A friend’s young son announced proudly to his mother that he planned to be a millionaire. “Now, how are you going to do that?” she asked him.

“I am going to bottle the smell of your homemade bread. Everyone will want to buy that,” he replied.

Yes, the very smell of home baked bread, the appetizing flavor of freshly baked pies, the aroma of savory soup, a casserole brought steaming from the oven can brighten the atmosphere of any home. In this day of rising food costs one can hardly afford the luxury of extravagance and waste in food buying and preparation. Home cooking has become a necessity.

It is important in family preparedness to acquire the skill of home sewing. One may not wish to make her own clothes, but it is important to know how so that in case of an emergency the needs of the family can be met. It is exciting to take a simple piece of fabric and produce something lovely through the efforts of one’s own hands. The homemaker has only to read the cost labels on children’s and adults’ clothing to be persuaded quickly to try her hand at sewing. I have found great pleasure and loving rewards from sewing for myself, my family, and friends.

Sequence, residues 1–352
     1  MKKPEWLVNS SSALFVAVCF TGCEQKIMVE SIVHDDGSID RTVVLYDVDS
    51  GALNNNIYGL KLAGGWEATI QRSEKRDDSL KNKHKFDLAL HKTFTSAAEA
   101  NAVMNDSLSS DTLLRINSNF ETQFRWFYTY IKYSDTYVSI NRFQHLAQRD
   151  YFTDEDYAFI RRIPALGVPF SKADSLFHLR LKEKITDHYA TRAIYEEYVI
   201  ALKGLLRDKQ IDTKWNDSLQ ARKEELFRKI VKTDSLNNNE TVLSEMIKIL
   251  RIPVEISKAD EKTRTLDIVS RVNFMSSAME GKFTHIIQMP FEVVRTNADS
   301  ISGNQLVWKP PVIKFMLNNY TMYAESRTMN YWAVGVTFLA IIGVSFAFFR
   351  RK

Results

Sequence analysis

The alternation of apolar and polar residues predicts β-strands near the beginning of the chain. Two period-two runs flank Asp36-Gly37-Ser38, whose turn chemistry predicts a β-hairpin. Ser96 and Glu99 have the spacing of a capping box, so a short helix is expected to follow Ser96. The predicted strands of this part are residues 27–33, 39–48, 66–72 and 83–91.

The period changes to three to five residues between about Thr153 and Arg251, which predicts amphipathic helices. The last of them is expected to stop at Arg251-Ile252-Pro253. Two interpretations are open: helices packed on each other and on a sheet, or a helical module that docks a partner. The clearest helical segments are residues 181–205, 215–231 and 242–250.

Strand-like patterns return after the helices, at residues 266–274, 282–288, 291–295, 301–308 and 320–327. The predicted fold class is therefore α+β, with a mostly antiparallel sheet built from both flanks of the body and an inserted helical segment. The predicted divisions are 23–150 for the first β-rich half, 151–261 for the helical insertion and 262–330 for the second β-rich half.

From the beginning of time, women have been instructed to be frugal and wise in their home management. Today the use of a budget and the keeping of records is almost as necessary as the income earned. Many homes throughout our Church could be made happier and more secure if the homemakers would resolve never to let their yearnings exceed their earnings.

Another important factor in family preparedness is learning to use one’s own time wisely. Homemaking today is far different than in our grandmother’s or mother’s time. We live in a mobile civilization. Although modern conveniences have replaced the laborious, time-consuming tasks of yesteryears, there are still demands on the homemaker’s time from every facet of living.